The NP Idea


In Chapter 1 I laid out some of the things that I think an ideal light-weight OO analysis and design methodology should have. The present chapter introduces Narrative Programming, a methodology that delivers most of these things. In the next chapter there is an example-driven tutorial of Narrative Programming in action, including use of the tools that have been developed to support it.

This chapter focuses on the ideas behind Narrative Programming (NP), and the convergence of technologies that make it possible. There are three new technologies behind NP:

  1. Object-oriented frameworks and Design Patterns
  2. Use-case-driven specification
  3. The eXtensible Markup Language (XML)

How these three technologies work together to produce a software development methodology that is supported by a small, simple and powerful set of tools is the story of this chapter. But first we have to consider a new way of looking at the software application.

How to Think About Applications

There are two fundamentally different ways to look at an application: from a user's perspective, and from a developer's perspective. Usability engineering is supposed to help developers get some idea of how things look to the user, and hopefully the user will never need to know how things look to the developer.

What I'm concerned with here is how developers should think about applications. Users want a metaphor for paper: they want something that is persistent, flexible and unobtrusive. The challenge for software engineers is to produce the effect of *smart* paper: paper that knows how to spell, or connect to databases, or draw and analyze circuit diagrams, or whatever.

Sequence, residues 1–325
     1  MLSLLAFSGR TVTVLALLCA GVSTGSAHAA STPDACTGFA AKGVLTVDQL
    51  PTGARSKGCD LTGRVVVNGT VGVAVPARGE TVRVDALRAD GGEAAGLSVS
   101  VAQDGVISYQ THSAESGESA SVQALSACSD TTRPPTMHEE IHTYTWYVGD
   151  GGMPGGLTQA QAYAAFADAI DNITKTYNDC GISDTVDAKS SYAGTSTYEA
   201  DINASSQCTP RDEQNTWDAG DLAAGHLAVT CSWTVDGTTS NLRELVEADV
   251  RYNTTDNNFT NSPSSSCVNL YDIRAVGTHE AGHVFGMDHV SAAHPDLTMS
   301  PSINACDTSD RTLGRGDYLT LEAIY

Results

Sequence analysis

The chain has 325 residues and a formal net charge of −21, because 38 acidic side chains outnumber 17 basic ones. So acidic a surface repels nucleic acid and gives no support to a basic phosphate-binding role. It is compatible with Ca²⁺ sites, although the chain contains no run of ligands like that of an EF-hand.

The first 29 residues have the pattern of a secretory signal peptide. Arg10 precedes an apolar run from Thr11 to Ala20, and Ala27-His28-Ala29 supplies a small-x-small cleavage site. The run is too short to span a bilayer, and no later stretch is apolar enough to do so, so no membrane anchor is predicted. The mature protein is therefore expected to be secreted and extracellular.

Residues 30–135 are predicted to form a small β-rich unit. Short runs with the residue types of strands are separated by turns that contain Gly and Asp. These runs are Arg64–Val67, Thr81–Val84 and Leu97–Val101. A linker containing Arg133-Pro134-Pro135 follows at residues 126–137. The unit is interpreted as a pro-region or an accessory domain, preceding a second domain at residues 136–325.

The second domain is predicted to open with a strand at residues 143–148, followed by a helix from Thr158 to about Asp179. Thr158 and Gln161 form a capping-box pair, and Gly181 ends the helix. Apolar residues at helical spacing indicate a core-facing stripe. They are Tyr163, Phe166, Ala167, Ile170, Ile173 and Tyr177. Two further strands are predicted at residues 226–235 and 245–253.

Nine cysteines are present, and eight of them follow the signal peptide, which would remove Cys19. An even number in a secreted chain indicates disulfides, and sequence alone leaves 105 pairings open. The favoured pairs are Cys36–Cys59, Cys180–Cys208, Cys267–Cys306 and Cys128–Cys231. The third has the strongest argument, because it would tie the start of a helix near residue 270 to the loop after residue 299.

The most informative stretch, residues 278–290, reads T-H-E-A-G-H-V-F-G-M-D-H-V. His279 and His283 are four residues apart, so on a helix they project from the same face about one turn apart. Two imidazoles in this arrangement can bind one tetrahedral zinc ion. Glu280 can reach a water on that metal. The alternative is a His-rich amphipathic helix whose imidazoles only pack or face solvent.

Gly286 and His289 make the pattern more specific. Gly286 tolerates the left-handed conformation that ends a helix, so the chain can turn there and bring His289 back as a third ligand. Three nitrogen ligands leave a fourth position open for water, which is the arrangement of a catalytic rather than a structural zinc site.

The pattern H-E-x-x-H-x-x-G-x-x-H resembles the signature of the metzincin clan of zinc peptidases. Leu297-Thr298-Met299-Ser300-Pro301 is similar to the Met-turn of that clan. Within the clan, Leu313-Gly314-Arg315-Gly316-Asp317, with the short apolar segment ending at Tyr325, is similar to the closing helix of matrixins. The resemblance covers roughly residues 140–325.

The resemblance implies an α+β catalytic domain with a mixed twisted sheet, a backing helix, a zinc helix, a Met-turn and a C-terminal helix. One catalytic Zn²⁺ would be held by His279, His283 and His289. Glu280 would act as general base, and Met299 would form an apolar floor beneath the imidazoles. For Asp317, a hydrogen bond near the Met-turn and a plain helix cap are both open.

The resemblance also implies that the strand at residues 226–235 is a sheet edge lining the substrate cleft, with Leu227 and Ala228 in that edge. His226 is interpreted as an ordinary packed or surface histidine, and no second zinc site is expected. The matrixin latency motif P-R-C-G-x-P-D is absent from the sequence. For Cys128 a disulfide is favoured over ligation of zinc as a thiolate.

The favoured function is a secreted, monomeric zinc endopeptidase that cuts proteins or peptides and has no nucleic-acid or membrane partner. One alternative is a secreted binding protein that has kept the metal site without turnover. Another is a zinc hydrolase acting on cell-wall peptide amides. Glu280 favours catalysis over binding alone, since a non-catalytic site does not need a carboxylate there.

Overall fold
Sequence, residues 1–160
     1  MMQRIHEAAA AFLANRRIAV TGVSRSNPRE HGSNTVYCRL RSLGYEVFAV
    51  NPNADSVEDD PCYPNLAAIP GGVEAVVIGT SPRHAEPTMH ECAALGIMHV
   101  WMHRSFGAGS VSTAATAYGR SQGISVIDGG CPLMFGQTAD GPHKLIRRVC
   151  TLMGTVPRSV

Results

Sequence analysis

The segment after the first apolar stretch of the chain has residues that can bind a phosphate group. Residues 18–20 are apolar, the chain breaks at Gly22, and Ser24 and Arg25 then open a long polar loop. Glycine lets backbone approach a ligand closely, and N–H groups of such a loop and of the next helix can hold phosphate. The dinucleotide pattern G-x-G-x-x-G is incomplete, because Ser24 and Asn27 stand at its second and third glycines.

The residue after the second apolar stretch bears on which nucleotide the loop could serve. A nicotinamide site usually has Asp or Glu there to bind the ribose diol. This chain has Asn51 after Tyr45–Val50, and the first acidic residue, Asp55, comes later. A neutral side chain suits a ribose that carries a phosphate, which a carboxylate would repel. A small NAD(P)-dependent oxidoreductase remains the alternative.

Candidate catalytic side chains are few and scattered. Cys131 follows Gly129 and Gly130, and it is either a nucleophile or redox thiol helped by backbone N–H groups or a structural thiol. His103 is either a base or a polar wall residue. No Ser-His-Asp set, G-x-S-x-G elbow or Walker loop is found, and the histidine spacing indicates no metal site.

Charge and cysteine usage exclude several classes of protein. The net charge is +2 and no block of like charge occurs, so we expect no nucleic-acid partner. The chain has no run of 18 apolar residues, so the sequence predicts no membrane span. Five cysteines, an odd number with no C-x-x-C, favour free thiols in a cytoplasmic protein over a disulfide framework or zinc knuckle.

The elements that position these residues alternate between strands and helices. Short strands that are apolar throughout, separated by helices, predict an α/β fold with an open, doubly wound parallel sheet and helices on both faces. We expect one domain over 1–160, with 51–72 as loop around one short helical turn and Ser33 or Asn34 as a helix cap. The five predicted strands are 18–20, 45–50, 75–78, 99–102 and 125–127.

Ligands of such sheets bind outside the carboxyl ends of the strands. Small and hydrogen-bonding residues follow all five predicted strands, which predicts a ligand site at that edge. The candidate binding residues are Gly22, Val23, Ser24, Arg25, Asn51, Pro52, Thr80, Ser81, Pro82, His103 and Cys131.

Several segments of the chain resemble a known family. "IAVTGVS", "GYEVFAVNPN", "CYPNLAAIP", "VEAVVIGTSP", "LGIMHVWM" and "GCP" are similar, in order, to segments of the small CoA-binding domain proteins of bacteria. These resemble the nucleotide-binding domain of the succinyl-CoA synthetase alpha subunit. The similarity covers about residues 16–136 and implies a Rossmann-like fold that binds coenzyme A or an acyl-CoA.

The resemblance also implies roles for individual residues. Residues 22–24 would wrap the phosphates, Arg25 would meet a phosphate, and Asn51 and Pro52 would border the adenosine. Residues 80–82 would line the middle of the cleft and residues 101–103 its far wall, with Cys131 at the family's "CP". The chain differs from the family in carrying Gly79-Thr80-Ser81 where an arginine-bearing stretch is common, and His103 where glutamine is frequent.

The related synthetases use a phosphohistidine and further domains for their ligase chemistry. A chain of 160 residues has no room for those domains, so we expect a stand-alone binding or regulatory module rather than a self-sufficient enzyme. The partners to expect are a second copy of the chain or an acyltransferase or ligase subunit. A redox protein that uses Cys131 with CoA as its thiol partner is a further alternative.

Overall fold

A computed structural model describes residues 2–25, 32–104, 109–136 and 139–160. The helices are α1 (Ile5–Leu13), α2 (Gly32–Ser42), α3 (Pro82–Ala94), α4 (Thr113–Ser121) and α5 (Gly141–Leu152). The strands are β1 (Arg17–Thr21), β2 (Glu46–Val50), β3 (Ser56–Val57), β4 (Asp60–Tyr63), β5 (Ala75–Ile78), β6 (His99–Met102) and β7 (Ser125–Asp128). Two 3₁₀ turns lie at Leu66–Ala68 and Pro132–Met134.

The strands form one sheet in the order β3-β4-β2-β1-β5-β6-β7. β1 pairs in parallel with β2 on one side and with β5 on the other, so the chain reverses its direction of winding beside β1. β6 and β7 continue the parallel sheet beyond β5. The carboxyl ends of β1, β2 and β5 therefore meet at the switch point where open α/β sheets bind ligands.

How we to do this is the central aim of software engineering, with the usual engineering constraints on time, money and people.

From the developer's point of view, an application is one or more modules -- executables or libraries -- that contain the machinery to create the hopefully seamless experience of the user. How this machinery is organized is what I am concerned with here. I don't propose to put forward a complete taxonomy of application structure, but there are a few major dimensions that we can differentiate applications along. The first is the coding style used: is it object-oriented, procedural, declarative, or some mixture? For object-oriented applications, which are my sole area of real interest, there are further ways of dividing up application structure, mostly in terms of how the interactions between objects are structured.

Many OO applications are based on the Model/View/Controller pattern, and many more on the somewhat weaker Document/View approach. OO applications can also be structured as state machines of one kind or another. But many applications, even with the best of OO intentions on the part of developers, wind up with very little structure before they have time to get old. One of the problems that OOA/D is supposed to address is how to maintain application structure in the face of the many forces that try to disrupt it, from unrealistic schedules to inadequate analysis and design to late changes in the spec and poor user response to early releases.